It is true that I am not a poet by nature, only by inclination; for my mind moves most easily and happily among abstractions, it relates ideas far more readily than it relates experiences. I have little appetite, only profound admiration, for sensuous fullness and immediacy; I have not the poet's need of concreteness. I have resisted this admission for so long, chiefly because a natural poet was above all what I wanted to be.
"Just as the twig is bent the tree's inclined"? No, says Davie. A true poem can be written by a mind "not naturally poetic"
by the inhuman labor of thwarting at every point the natural grain and bent. This working against the grain does not damage the mind, nor is it foolish; on the contrary, only by doing this does each true poem as it is written become an authentic widening of experience—a truth won from life against all odds.
Gibbons also cites the French poet Yves Bonnefoy on the challenges and rewards of translation as a means of enlarging one's understanding of how poems—and languages—work: "Opposing metaphysics [ ... ] govern and, sometimes, tyrannize the French and English languages. [ ... ] English concerns itself naturally with tangible aspects," whereas French poetry is "a place apart, where the bewildering diversity of the real can be forgotten, and also the very existence of time, everyday life and death." The English language, Bonnefoy has said, in his Preface to Emily Grosholz's translation of Beginning and End of the Snow, is "so much more aptly fashioned than my own for the observation of concrete detail at a specific place and time, otherwise put, for the expression of the events of a particular existence."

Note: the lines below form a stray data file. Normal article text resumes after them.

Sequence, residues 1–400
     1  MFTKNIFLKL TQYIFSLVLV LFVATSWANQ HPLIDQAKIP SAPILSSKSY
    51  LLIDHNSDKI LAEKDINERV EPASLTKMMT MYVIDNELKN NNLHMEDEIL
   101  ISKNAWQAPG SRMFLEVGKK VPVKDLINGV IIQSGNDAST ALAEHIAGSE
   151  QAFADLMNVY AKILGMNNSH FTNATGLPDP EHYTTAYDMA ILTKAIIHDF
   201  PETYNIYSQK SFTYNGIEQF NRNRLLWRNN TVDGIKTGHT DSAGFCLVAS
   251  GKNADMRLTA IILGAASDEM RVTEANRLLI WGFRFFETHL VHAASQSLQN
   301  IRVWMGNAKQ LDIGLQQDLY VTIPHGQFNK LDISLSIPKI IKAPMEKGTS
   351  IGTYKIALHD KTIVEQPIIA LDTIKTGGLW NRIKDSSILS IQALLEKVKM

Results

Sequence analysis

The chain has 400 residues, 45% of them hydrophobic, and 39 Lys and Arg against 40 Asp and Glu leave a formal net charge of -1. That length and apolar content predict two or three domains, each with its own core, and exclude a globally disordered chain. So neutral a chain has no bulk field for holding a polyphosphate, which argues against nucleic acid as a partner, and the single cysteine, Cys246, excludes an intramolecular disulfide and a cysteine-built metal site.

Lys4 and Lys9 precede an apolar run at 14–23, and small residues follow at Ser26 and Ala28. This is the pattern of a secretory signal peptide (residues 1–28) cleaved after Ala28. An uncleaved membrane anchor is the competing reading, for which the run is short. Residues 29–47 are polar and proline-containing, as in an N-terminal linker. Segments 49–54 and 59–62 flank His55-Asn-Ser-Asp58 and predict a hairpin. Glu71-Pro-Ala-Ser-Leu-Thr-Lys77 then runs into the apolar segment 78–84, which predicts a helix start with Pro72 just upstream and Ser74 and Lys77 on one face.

Thus a French writer appreciates the earthiness of Shakespeare or Keats. And English poets—Eliot, Ashbery—absorb French wit, abstraction, and stream of consciousness. How Poems Think struck me as particularly illuminating on how the associative thinking of nineteenth-century French poets trickled down into English poetry, shifting it "from representing lived experience, reason, and the world and toward creating an imaginative experience unique to the poem, by means of evocation, ellipsis, allusion, mood, impressionistically presented feeling, and so on." Today, Gibbons speculates,
perhaps mood too has been discarded in favor of a kind of unmistakable poem-ness ... that has no referent or purpose beyond providing the reader with an experience of a particular way of suggesting a meaning that cannot be thought, or of not being meaningful at all in any expected way.
A beautiful line of verse is all the more beautiful as it means absolutely nothing, a literary friend told Marcel in Swann's Way—and Marcel blushed to think that he in his innocence expected of poetry "nothing less than the revelation of truth itself." Rirnbaud, whose kaleidoscopic, not-meaningful-in-any-expected-way Illuminations John Ashbery not so long ago translated, is described by Thorn Gunn (in "Shit") as having
Coursed after meaning, meaning of course to trick it,
Across the lush green meadows of his youth,
To the edge of the unintelligible thicket
Where truth becomes the same place as untruth.
Making it new? Not necessarily, as Pound, translator of the Tang and the troubadours, knew: some of the new is the old stripped, painted new colors. Poking into cobwebby corners, weaving narrative into discourse, using assemblage, How Poems Think is a trove. I read it with a pencil—until I saw that underlining everything was the same as underlining nothing.